God Heals Today through Prayer – Scientific Paper

I am grateful to Healing on the Streets (HOTS) Bath for linking from their home page to my earlier post God can heal, but not to meet advertising standards, which they describe as “some good Christian wisdom”. That post was a response to the Advertising Standards Authority’s ruling that HOTS Bath must not claim publicly that God heals today, physically and not only spiritually.

I was interested to look at some of the other material currently linked to from the same HOTS Bath home page, in a section also responding to the ASA ruling. In particular, they link to a proper scientific paper providing evidence that God heals today, physically, in response to Christian prayer. The paper is entitled Study of the Therapeutic Effects of Proximal Intercessory Prayer (STEPP) on Auditory and Visual Impairments in Rural Mozambique, by “Brown, Candy Gunther PhD; Mory, Stephen C. MD; Williams, Rebecca MB BChir, DTM&H; McClymond, Michael J. PhD”, and is published in Southern Medical Journal: September 2010 – Volume 103 – Issue 9 – pp 864-869.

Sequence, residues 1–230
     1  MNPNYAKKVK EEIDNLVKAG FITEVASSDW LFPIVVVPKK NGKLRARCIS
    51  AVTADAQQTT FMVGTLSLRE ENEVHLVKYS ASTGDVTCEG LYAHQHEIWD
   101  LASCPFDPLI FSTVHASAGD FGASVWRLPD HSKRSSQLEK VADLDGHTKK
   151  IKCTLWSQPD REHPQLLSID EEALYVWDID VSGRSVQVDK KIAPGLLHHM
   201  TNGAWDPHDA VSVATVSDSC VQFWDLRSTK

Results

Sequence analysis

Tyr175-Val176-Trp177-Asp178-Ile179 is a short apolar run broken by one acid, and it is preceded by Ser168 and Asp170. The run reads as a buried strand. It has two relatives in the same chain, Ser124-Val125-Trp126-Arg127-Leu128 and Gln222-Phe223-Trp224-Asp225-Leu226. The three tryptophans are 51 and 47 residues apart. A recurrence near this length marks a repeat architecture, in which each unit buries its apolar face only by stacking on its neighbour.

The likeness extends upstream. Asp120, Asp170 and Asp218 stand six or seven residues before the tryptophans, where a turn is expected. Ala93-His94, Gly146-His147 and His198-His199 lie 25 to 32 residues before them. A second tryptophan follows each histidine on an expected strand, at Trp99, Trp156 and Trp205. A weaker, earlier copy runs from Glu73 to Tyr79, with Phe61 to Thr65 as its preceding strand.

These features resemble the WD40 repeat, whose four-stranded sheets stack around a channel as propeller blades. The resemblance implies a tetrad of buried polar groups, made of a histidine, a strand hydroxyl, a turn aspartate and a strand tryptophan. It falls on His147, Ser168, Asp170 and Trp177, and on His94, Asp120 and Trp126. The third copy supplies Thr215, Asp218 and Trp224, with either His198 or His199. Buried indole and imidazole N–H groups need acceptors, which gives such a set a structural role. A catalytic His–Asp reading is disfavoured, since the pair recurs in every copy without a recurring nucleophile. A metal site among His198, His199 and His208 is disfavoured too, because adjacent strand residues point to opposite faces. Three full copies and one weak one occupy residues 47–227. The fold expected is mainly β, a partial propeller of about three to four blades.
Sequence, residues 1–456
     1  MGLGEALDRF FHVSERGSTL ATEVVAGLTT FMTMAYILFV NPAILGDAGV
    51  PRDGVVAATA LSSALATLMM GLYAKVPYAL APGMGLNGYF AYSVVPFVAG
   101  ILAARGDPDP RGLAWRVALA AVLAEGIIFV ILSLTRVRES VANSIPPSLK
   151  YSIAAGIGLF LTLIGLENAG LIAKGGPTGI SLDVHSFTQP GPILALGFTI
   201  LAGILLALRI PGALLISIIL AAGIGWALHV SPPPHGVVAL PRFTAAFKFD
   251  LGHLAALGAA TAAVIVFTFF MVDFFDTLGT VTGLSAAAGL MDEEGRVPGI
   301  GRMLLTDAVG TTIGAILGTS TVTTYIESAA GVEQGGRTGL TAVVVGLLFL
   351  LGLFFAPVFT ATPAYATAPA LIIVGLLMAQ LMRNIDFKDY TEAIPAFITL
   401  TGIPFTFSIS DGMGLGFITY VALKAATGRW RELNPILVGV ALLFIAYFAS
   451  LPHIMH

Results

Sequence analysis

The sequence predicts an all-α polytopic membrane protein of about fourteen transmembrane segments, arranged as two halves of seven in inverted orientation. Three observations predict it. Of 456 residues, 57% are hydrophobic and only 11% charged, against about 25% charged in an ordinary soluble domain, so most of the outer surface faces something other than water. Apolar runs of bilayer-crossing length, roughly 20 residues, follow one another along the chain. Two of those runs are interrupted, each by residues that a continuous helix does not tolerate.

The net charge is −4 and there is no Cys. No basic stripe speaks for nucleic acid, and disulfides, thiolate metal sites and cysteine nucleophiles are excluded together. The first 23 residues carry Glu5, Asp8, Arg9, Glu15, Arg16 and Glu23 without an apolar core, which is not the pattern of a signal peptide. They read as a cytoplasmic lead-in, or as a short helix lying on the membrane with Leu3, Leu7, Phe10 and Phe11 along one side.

The research for this paper was done in Mozambique, at mass meetings sponsored by Iris Ministries (founded by Rolland and Heidi Baker) and Global Awakening. The authors tested the hearing or eyesight of people coming forward for healing and tested them again after prayer. They found statistically significant improvements in both hearing and eyesight. There is an extremely small probability that these were merely chance improvements or measurement errors. A suggestion or placebo effect cannot be ruled out, but the improvements are much better than have elsewhere been recorded for suggestion and hypnosis.

Heidi Baker with a baby who "was blind with white eyes just minutes before!"

Heidi Baker with a baby who "was blind with white eyes just minutes before!"

It is interesting that the authors write: